Tempromandibular Dysfunction (TMJ) can be particularly stubborn and painful. Here is an example of needling directly into the lateral pterygoid, which attaches directly to the TMJ capsule and intra-articular
disc. This particular procedure is moderately uncomfortable, but the duration of post treatment soreness tends to be fairly brief.

Utilizing the combination of treatments we have successfully employed in the past in addition to revised, less painful, more effective dry needling protocols, the results are speaking for themselves. Since opening our doors in 2008, we are getting the very best clinical outcomes we’ve ever achieved.

Please feel free to contact our office about any questions regarding our clinic’s diagnostic or treatment protocols.

References:
1) McBeth J, Simmons D, Silman A, et al. Musculoskeletal pain is associated with a a long-term increase risk of cancer and cardiovascular-related mortality. Rhuematology 2009;48:17-11

2) Backryd E, Tanum L, Lind A, Larsson A, Gordh T. Evidence of both systemic inflammation and neuroinflammation in fibromyalgia patients, as assessed by a multiplex protein panel applied to the cerebrospinal fluid and to plasma. Journal of Pain Research2017;10:515-25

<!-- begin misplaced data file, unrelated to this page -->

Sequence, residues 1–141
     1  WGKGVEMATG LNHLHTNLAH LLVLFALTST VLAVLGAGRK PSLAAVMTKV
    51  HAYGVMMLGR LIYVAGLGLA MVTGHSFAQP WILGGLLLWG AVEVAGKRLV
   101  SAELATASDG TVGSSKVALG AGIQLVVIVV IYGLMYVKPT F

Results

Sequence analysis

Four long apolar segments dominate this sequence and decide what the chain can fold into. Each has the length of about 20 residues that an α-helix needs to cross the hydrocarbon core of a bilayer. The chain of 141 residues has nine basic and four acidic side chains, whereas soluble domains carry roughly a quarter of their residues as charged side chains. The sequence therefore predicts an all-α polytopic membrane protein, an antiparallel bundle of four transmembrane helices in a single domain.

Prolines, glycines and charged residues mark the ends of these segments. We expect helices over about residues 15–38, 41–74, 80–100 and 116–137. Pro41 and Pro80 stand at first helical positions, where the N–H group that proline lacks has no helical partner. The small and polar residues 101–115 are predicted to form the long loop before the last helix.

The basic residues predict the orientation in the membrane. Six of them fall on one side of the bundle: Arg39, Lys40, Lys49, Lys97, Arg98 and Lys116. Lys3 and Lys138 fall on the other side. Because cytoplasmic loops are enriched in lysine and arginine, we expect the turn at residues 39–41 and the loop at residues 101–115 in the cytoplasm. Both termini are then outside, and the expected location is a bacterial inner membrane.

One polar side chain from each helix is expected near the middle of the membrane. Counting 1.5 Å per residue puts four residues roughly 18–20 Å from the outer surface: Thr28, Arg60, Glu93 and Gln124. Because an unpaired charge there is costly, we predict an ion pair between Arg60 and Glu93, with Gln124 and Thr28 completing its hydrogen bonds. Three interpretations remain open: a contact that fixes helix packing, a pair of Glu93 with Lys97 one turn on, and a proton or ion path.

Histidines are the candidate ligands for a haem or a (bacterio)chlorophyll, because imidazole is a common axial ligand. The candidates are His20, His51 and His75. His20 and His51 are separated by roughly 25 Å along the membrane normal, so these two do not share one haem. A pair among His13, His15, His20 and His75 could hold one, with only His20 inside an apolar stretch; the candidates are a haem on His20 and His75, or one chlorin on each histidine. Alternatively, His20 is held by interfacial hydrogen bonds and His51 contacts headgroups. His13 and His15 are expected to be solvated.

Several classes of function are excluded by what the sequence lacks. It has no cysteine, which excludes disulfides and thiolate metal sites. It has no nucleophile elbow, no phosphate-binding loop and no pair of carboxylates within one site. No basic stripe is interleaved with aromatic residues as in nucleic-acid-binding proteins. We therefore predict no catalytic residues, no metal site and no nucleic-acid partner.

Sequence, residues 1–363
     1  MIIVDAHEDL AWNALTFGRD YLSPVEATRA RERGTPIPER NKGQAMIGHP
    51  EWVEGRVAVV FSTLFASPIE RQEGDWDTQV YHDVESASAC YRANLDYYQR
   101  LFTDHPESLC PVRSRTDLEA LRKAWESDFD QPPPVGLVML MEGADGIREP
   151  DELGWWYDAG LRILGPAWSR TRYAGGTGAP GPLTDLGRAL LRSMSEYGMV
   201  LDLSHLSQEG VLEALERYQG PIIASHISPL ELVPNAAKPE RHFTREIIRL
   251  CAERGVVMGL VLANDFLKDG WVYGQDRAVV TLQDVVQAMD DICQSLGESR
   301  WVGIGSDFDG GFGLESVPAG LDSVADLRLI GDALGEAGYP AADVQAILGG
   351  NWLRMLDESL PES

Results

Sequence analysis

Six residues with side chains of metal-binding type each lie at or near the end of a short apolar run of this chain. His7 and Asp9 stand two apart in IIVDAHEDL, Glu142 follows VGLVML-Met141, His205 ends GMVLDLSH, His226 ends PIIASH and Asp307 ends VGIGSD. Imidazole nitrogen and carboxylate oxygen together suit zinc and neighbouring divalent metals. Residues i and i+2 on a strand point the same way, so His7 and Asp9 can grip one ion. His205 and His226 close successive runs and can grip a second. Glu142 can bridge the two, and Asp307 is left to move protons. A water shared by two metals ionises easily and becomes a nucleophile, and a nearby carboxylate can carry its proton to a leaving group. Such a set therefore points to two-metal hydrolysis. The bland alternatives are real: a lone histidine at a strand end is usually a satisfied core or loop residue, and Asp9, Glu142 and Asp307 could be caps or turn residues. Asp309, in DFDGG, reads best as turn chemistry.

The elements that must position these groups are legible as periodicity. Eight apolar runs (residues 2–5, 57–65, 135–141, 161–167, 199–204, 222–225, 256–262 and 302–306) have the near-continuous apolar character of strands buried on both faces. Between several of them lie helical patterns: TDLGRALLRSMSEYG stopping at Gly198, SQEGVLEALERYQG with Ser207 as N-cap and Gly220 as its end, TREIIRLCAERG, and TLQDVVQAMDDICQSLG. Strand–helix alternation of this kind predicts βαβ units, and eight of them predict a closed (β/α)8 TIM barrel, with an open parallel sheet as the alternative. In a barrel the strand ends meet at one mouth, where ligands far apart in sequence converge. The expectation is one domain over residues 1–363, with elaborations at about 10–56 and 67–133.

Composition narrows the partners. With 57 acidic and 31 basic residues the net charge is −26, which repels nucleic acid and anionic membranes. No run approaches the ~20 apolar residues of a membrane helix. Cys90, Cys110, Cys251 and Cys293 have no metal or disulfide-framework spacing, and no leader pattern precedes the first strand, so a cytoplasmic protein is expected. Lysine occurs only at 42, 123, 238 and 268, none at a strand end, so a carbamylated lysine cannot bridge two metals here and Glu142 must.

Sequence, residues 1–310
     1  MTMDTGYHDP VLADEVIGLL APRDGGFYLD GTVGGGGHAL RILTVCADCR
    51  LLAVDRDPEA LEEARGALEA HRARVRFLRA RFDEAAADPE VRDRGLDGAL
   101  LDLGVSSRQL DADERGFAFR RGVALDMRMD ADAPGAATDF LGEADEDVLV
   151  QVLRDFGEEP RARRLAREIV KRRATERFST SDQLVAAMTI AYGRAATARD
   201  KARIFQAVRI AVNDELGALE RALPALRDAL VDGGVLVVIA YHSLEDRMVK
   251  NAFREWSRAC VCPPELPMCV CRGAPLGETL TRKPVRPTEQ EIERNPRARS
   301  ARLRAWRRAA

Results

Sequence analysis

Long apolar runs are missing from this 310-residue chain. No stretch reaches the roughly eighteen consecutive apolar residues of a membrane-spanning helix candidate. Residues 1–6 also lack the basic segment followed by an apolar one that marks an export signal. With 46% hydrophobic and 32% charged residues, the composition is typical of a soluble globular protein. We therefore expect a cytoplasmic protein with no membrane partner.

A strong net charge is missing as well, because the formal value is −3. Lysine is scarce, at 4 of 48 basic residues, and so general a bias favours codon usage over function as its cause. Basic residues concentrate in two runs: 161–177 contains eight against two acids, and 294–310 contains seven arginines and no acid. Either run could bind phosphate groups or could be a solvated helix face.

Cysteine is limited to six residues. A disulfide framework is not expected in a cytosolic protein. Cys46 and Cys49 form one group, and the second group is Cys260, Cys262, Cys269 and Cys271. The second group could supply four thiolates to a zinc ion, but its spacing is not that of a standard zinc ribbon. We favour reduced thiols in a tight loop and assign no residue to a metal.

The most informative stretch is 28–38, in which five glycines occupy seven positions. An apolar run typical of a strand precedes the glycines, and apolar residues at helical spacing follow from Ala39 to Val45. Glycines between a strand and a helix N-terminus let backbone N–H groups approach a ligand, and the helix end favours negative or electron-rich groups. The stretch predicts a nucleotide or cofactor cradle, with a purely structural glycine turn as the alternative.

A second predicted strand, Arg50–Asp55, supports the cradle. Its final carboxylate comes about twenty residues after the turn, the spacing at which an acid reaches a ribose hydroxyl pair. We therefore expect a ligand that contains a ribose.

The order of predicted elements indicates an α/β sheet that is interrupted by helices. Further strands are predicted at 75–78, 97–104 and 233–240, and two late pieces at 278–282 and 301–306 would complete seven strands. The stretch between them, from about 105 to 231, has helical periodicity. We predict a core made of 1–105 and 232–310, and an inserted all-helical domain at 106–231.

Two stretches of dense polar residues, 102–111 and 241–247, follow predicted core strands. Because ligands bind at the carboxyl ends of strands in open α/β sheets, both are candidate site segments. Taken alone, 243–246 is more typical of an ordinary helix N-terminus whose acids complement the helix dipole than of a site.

3) Liu L, Liu B, Chen S, et al. Visceral and somatic hypersensitivity, autonomic cardiovascular dysfunction and low grade inflammation in a subset of irritable bowel syndrome patients. Biomed & Biotechnol 2014;15(10):907-14

4) Shah J, Danoff J, Desai M, et al. Biochemicals associated with pain and inflammation are elevated in sites near to and remote from active myofascial trigger points. Arch Phys Med Rehabil 2008;89(January):16-23

5) Schliessbach J, van der Kilt E, Arendt-Nielson L, Curatolo M, Streitberger K. The effect of Brief Electrical and manual acupuncture stimulation on Mechanical Experimental pain. Pain Medicine 2011;12:268-75

6) Manheimer E, Cheng K, Linde K, et al. Acupuncture for peripheral joint osteoarthritis. The Cochrane database of systematic reviews. 2010(1):CD001977

7) Huang W, Pach D, Napadow V, et al. PLoS One. 2012;7(4): e32960

8) Napadow V, Makris N, Liu J, Kettner NW, Kwong KK, Hui KK. Hum Bain Map. 2005;24(3):193-205

9) SZyloney C, Jensen K, Polich G, et al. Imaging the functional connectivity of the periaqueductal Gray during genuine and sham electroacupuncture treatment. Molecular Pain 2010;6(80)

10) Kimura K, Ryujin G, Uno M, Wkayama I. The effect of electro acupuncture with Different Frequencies on Muscle Oxygen in Humans. Evidence-Based Complementary and Alternative Medicine;2015 (http://dz.doi.org/10.1155/2015/620785).

11) Greening J, Anantharaman K, Young R, Dilley A. Evidence for Increased Magnetic Resonance Imaging Signal Intensity an Morphological Changes in the Brachial Plexus and Median Nerves of Patients with Chronic Arm and Neck Pain Following Whiplash Injury. JOSPT 2018;48(7):523-32